Dumping is one of the most frequent economic occurrences. Dumping occurs when one company prices its goods in market A below the value it charges in market B. With dumping, this company, in turn, is able to undercut competitors in A and increase its market share.
Dumping is important to understand as it surfaces in the news with unprecedented regularity. The news brings it up when discussing the US-China trade war and cites studies showing Beijing’s complicity in dumping. One study that MIT conducted points to Chinese steel exporters selling their products abroad at lower prices than their competitors. Flooding the international markets with cheap steel, they have ultimately precipitated the closure of 60,000 U.S. firms and left 2.4 million Americans unemployed between 1999 and 2011 by driving their rivals out of business.
Dumping is different from entrepreneurs outperforming each other through having greater efficiency or financial acumen. As critics say, dumping is a deliberate policy to offset foreign competitors. Many companies engaging in them are doing so with the assistance of the Communist Party. Its subsidies, in a system in which the private sector is one with the state, enable them to sell goods relatively cheaply and still earn plenty. Given dumping’s profound impact on American industries and the rising tension in Chinese-American relations, understanding this economic practice is extremely important today.
The first person to define it was the Canadian economist Jacob Viner (1892-1970). In his 1923 publication, titled Dumping: A problem in international trade, he interpreted it as “price discrimination between national markets”, whereby a firm charges different prices in the home market and in the international markets. A more technical definition, used by modern analysts, associates dumping with charging a price below the product’s normal value. The normal value represents the product’s price in the exporter’s home market or in a third country market.
The one with which most are already familiar with is predatory dumping. It involves continuously selling products in another country’s market at a lower price than the one at home to gain access to the former and undercut local competitors to exploit overseas consumers. After all, by eliminating competition, the company in question acquires a market monopoly and, therefore, the power to raise prices.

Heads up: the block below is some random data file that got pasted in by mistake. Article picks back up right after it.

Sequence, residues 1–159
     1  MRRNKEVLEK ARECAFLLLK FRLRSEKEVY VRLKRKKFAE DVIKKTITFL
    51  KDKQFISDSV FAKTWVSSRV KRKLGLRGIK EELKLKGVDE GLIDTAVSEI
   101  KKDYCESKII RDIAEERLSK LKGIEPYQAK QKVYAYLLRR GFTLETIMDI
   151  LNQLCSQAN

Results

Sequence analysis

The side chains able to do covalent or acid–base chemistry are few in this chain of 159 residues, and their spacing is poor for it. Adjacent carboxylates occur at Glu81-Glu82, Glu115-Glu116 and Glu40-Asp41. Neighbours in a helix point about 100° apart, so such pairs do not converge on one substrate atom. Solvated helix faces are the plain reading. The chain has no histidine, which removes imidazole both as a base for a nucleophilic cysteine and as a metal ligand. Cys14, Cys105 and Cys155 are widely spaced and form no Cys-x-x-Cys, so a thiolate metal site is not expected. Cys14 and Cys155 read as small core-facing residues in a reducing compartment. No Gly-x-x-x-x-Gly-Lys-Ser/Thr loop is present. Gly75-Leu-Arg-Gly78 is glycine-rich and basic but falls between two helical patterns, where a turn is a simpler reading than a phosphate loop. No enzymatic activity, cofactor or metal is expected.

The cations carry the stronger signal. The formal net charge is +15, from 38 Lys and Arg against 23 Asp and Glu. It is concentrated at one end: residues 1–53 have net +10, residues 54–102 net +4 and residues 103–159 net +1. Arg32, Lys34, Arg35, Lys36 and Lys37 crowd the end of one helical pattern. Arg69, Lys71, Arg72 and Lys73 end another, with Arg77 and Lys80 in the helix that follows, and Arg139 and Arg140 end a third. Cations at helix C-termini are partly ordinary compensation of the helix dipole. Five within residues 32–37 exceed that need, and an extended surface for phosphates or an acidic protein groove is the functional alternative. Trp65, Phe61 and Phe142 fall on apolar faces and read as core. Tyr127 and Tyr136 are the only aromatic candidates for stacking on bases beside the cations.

Meanwhile, sporadic dumping sees producers dispose of excess supplies by briefly reducing their goods’ prices. This has less relevance to the trade conflict between Beijing and Washington since it is relatively commonplace. For example, if you wanted to sell something on Craigslist or eBay, you would engage in dumping through posting an ad that asked less for your old clothes and a used textbook than second-hand stores or other web users. You were hoping to attract more attention or sell your product faster than others. To you, just like anyone engaging in sporadic dumping, speed matters certainly more than profit or your market share. You just want to get rid of something quickly, so you’re selling it for a lower price.
Similarly, there is persistent dumping. This type resembles predatory dumping, as it presupposes selling goods at lower prices in one market than elsewhere for a long time. But it’s different in that it is rooted in the company’s financial priorities and plans.
Thus, a business could use marginal-cost pricing in one market and full-cost pricing in the other.